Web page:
The wait is on


Photo courtesy of WSFCS

Lia Blackard, Online Editor

As we near the end of the first quarter, online classes have finally started to work out the kinks and students are becoming more acclimated with doing school from the comfort of their home. However, students are still wondering, when will we go back to school?

Right now, Winston Salem Forsyth County Schools (WSFCS) has been instituting Governor Roy Cooper’s Plan C, which is entirely virtual. However, the School Board has been discussing going back to school in person. 

“There are [Board members] who want to remain in Plan C and others who want to transition to Plan B,” School Board member Leah Crowley said. “Right now, the plan calls for two days of in-person instructure every other week. This is because RJR is a 4A school.”

Junior Johan Paniagua-Nava has had a difficult time adjusting to the new version of school. 

“In terms of learning, it’s very difficult for me to learn online,” Paniagua-Nava said. “It’s like we aren’t learning, we are just trying to get things done by due dates. Math was already hard for me but online it’s like torture, and the tutoring option in online learning isn’t 1-1 like it would be in school.”

These frustrations have left him missing school even though he was never a fan of it in the first place. 

I never really enjoyed learning in school but the environment and experience itself is so hard to replace” Paniagua-Nava added. “Just being at school is lowkey a blessing as everyone we knew would just be in one area, and that’s hard to get back in these times.”

Teachers are itching to get back in the classroom as well. English teacher Rodney Allen is amongst the teachers wanting to return. However, he only wants in person classes if it can be done in a way that is safe and healthy for not only him but his students as well. 

Photo courtesy of WSFCS

“I do not want us to return to in person instruction until we can do so safely in a manner that administration, teachers, students, and parents are comfortable with,” Allen said.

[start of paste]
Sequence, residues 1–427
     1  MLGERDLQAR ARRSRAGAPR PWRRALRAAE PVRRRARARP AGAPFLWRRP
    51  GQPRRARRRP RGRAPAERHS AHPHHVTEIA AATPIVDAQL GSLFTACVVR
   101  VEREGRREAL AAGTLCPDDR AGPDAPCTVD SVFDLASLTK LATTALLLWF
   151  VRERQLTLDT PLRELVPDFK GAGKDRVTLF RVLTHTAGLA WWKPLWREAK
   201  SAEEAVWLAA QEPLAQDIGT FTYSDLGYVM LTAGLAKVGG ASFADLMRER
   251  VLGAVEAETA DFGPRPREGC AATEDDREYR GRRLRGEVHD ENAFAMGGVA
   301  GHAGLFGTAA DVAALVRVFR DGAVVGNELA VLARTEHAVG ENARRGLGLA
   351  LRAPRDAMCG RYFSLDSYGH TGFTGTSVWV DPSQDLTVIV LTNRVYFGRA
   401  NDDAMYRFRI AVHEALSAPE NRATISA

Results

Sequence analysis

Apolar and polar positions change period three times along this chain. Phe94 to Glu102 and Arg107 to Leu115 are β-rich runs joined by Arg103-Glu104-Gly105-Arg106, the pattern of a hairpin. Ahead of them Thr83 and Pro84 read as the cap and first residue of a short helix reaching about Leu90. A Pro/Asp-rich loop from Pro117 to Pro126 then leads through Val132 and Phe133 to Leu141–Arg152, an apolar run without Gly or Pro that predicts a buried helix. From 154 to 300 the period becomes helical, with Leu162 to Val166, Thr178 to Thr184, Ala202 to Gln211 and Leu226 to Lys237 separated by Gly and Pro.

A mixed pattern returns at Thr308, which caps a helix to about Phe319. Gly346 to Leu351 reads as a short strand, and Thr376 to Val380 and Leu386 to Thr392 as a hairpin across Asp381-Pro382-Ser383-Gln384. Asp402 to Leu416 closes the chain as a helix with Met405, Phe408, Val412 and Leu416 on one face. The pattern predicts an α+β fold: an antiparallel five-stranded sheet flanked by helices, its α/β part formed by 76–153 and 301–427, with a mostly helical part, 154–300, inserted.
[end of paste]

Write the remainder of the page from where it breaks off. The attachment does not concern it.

Almost every student, teacher, and parent wants students to return to school in person but with that comes another adjustment period. 

“Most students and teachers want to get back to schools and will cooperate with all the safety measures to make that happen,” Crowley said. “We also have the benefit of learning from other schools that have been doing in-person instructure since August 17. We can use their best practices to make this all go more smoothly.”

Students will have to adjust back to their old lifestyle that has been stripped away for so long by COVID-19. 

I would definitely like to go back to in person learning because I feel like I’m a lot more productive at school,” sophomore Cece Butler said. “But I feel like it’ll be pretty difficult to go back to learning at school, since we all just adjusted to learning from home.”

Crowley is not only on the Board but has a student at RJR as well.

“I feel good about sending my child back to RJR,” Crowley added. “I think the students will understand the need to wear masks and social distance.”

On October 1, the school board voted on whether to enter Plan B or stay in Plan C. The vote won for schools to begin transitioning to Plan B. Although this plan does not allow students to return full time, it shows that the county is heading in that direction. Now the wait is on until students and teachers can get back in the classroom as plans. 

More information about the plans for return can be on the WSFCS website: